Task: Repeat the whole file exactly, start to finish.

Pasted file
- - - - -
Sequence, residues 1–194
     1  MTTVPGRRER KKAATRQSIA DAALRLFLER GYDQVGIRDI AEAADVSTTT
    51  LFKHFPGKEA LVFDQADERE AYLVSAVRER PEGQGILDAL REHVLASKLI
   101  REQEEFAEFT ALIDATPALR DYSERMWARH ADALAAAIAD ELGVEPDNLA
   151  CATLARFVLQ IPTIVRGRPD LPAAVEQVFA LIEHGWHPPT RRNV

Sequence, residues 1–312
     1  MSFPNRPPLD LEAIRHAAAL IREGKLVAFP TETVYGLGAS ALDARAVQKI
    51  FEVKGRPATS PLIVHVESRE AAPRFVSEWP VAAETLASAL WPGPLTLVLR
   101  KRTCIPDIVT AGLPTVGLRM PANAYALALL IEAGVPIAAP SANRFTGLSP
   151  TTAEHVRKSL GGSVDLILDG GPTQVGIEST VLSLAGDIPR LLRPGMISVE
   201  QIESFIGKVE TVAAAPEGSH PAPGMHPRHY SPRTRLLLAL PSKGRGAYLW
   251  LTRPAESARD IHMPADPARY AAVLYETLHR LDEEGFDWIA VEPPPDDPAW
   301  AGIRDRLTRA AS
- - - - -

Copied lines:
Sequence, residues 1–194
     1  MTTVPGRRER KKAATRQSIA DAALRLFLER GYDQVGIRDI AEAADVSTTT
    51  LFKHFPGKEA LVFDQADERE AYLVSAVRER PEGQGILDAL REHVLASKLI
   101  REQEEFAEFT ALIDATPALR DYSERMWARH ADALAAAIAD ELGVEPDNLA
   151  CATLARFVLQ IPTIVRGRPD LPAAVEQVFA LIEHGWHPPT RRNV

Sequence, residues 1–312
     1  MSFPNRPPLD LEAIRHAAAL IREGKLVAFP TETVYGLGAS ALDARAVQKI
    51  FEVKGRPATS PLIVHVESRE AAPRFVSEWP VAAETLASAL WPGPLTLVLR
   101  KRTCIPDIVT AGLPTVGLRM PANAYALALL IEAGVPIAAP SANRFTGLSP
   151  TTAEHVRKSL GGSVDLILDG GPTQVGIEST VLSLAGDIPR LLRPGMISVE
   201  QIESFIGKVE TVAAAPEGSH PAPGMHPRHY SPRTRLLLAL PSKGRGAYLW
   251  LTRPAESARD IHMPADPARY AAVLYETLHR LDEEGFDWIA VEPPPDDPAW
   301  AGIRDRLTRA AS